Women’s Health

  1. What’s the Problem & How are Progressives Addressing It

 

Reproductive rights and justice include policies aimed at generating equality of all people to make healthy choices about their own gender, body, sexual identity and community. Reproductive justice goes beyond abortion access to include decisions impacted by reproduction or sex. Conservative Federal and state legislators across the country have sought to roll back reproductive freedom protections. The Trump Administration has led efforts to undermine the right to access safe healthcare including for abortion procedures, including securing a conservative Supreme Court. Existing State-level litigation could result in regressive caselaw at the Federal level, while conservative state and federal legislators have generated new restrictions on women.

 

  1. Available Local Levers & Targets of Reforms

 

While lawsuits play out, progressive state legislators and executives can do much to both advocate for full rights and protect existing access. Ensuring full funding for existing facilities, working with allies and local organizations to create new access where helpful, and advocating for increased protections for a woman’s right to choose are all critical local actions. Paid family and sick leave are fundamental components of reproductive freedom, and expanding existing paid leave programs is a top priority. In addition to helping women receive healthcare, education and outreach help people realize the dramatic assault on women’s rights underway.

 

  1. Current Reforms & Tools to Fight for Them

 

Some critical policy areas include:

  • Expanding healthcare and conversations around healthcare to center women’s rights and bodily autonomy.
  • Passing the Equal Rights Amendment, which would increase legal protections against discrimination for women including in the healthcare industry.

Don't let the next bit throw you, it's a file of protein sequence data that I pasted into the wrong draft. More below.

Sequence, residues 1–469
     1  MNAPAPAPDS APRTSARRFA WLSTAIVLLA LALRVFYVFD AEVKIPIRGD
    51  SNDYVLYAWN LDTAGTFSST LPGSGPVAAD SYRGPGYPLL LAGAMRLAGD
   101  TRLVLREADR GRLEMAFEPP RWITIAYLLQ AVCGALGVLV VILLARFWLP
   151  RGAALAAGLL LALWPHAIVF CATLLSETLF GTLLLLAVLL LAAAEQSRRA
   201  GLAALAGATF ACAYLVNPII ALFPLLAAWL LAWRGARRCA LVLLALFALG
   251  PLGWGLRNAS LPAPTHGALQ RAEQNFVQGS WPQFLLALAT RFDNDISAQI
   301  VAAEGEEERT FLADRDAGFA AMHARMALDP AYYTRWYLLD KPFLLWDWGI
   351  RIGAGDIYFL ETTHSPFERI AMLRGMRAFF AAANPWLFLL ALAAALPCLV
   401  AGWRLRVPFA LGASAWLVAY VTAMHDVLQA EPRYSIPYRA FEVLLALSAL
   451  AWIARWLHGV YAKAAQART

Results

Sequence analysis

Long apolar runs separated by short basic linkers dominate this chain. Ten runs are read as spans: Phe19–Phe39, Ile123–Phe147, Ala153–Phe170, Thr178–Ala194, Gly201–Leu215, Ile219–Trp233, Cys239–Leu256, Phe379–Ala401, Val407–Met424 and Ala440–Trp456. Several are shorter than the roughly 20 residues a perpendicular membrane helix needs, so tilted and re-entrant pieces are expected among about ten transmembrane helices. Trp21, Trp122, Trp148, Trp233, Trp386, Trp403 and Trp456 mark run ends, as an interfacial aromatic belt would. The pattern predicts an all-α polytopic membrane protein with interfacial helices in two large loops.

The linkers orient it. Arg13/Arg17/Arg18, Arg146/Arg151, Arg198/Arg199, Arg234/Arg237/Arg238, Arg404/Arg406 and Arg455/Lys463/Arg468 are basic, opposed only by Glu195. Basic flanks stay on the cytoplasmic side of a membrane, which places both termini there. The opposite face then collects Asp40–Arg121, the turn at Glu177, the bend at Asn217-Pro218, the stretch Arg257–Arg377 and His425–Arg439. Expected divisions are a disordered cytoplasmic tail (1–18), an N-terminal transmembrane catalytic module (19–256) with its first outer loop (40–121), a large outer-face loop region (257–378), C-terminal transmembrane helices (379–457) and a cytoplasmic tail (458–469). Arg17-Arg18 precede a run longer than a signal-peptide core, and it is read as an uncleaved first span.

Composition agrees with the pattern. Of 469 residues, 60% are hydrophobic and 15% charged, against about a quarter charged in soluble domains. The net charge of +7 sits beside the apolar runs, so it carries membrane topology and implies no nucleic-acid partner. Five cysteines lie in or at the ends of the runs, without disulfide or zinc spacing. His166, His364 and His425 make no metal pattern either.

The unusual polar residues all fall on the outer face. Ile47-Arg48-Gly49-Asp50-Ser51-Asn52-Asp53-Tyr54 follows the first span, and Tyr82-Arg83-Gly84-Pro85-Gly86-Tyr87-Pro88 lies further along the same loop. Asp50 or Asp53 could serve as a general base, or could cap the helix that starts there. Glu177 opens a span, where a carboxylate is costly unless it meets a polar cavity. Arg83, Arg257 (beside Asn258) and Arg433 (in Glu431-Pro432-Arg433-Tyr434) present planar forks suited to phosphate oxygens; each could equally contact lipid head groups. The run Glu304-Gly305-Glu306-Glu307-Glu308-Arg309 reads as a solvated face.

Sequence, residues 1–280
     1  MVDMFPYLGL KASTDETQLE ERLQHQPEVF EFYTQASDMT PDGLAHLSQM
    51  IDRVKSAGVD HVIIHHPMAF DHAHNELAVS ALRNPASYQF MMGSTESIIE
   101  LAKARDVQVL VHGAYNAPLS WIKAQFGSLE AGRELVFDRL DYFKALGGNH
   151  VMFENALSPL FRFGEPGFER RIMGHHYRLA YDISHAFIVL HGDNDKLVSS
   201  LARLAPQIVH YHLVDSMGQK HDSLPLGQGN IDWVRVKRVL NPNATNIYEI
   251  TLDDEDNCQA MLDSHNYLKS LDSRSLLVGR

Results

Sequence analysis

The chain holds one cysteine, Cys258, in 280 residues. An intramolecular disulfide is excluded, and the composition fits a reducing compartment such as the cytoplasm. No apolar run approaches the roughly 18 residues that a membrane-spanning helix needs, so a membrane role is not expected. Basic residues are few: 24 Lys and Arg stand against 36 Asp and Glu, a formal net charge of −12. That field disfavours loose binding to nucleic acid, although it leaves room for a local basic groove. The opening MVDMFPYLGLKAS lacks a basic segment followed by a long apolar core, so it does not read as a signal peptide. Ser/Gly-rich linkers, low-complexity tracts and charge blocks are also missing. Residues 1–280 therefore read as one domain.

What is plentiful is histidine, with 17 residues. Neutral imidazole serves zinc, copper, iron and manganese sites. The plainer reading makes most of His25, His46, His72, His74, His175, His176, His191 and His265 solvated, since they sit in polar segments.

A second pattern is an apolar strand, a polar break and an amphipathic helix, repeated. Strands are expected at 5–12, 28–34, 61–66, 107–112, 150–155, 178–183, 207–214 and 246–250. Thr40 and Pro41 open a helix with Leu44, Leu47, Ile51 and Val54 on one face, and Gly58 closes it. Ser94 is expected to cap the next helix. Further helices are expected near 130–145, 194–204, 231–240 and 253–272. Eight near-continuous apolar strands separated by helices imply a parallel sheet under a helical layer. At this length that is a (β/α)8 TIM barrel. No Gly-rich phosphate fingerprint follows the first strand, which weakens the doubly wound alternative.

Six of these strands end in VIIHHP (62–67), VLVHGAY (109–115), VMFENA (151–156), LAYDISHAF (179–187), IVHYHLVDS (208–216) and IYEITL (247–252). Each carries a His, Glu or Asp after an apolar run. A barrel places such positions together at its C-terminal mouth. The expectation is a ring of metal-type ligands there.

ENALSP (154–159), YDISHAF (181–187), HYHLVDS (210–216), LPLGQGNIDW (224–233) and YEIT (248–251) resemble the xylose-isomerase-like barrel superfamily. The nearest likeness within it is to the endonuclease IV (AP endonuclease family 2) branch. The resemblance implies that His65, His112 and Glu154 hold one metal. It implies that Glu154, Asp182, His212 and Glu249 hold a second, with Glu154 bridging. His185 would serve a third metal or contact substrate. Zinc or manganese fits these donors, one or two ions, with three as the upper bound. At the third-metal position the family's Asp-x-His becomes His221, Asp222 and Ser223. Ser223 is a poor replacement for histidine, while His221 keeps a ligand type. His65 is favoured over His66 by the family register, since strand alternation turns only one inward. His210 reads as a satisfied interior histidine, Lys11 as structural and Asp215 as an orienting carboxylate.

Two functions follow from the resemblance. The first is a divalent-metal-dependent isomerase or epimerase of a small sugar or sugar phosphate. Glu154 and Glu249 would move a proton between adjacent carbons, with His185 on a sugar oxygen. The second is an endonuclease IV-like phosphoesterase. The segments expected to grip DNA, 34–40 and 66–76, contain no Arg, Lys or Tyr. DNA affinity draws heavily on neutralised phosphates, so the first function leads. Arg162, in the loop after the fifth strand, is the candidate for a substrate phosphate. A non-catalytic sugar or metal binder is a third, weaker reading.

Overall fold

• Increase the timeframe for legal abortion procedures.
  • Amplify abortion stories – stories of abortions including reasons why from women who have had them to help destigmatize.
  • Ordinances or bills requiring healthcare provision contracts entered by the county or state to provide comprehensive reproductive healthcare.
  • Frequently engaging in conversations on reproductive freedom informed by evidence-based suggestions of women’s health advocacy organizations.
  • Researching and discussing the impact of incarceration on reproductive freedom including family planning and childcare support.
  • Expanding family protections such as extending parental leave and increasing the number of paid sick days.

 

  1. Taking it to the Next Level

 

Advocates are working to create new protections as well:

  • Combatting the proliferation of “pregnancy crisis centers” that operate solely to dissuade women from receiving an abortion and do not provide medical treatment.
  • Prevent legislation that would make it harder for women to seek abortions after 20+ weeks.
  • Fighting against criminalization of reproductive rights through broader arguments against overcriminalization.
  • Enshrining Roe v. Wade into law and preventing state-level challenges through state-level legislation guaranteeing safe access to abortion services and women’s healthcare clinics.
  • Fully decriminalizing sex work – criminalization of online pages where sex workers could solicit clients has contributed to increase in violence against all women by over a sixth.

 

Ongoing challenges include the above-mentioned pregnancy crisis centers and criminalization of women’s health. Conservative Christian advocates continue to create legislation and litigation that limits access to safe abortion services, chipping away at Roe v. Wade while looking for a case that a conservative Supreme Court might overturn. The Court, currently frequently a 5-4 conservative split in ideological cases, could unilaterally end Roe v. Wade if a Republican President is able to appoint another Supreme Court Justice and does not nominate one protective of women’s health. The risk to Roe has perhaps never been greater, and the corresponding need for state-level actors to protect and enshrine women’s reproductive rights has never been more urgent.

 

  1. Helpers, Allies, and Other Useful Organizations

 

There are a constellation of groups working to protect reproductive rights, including EMILY’s List, which seeks to elect more female candidates committed to women’s reproductive health rights, Planned Parenthood, which provides healthcare clinics including for reproductive health, the Alice Paul Institute, which has championed the Equal Rights Amendment and the health benefits that equal treatment under the law could provide, the women’s reproductive health advocacy organization NARAL, the Black Women’s Health Imperative, which shines light on race-and-gender healthcare disparities, sex worker advocacy organization Decrim NOW and NY, the National Women’s Health Network and its critical examination of pharmaceutical companies’ failure to properly keep women’s drugs safe, and more.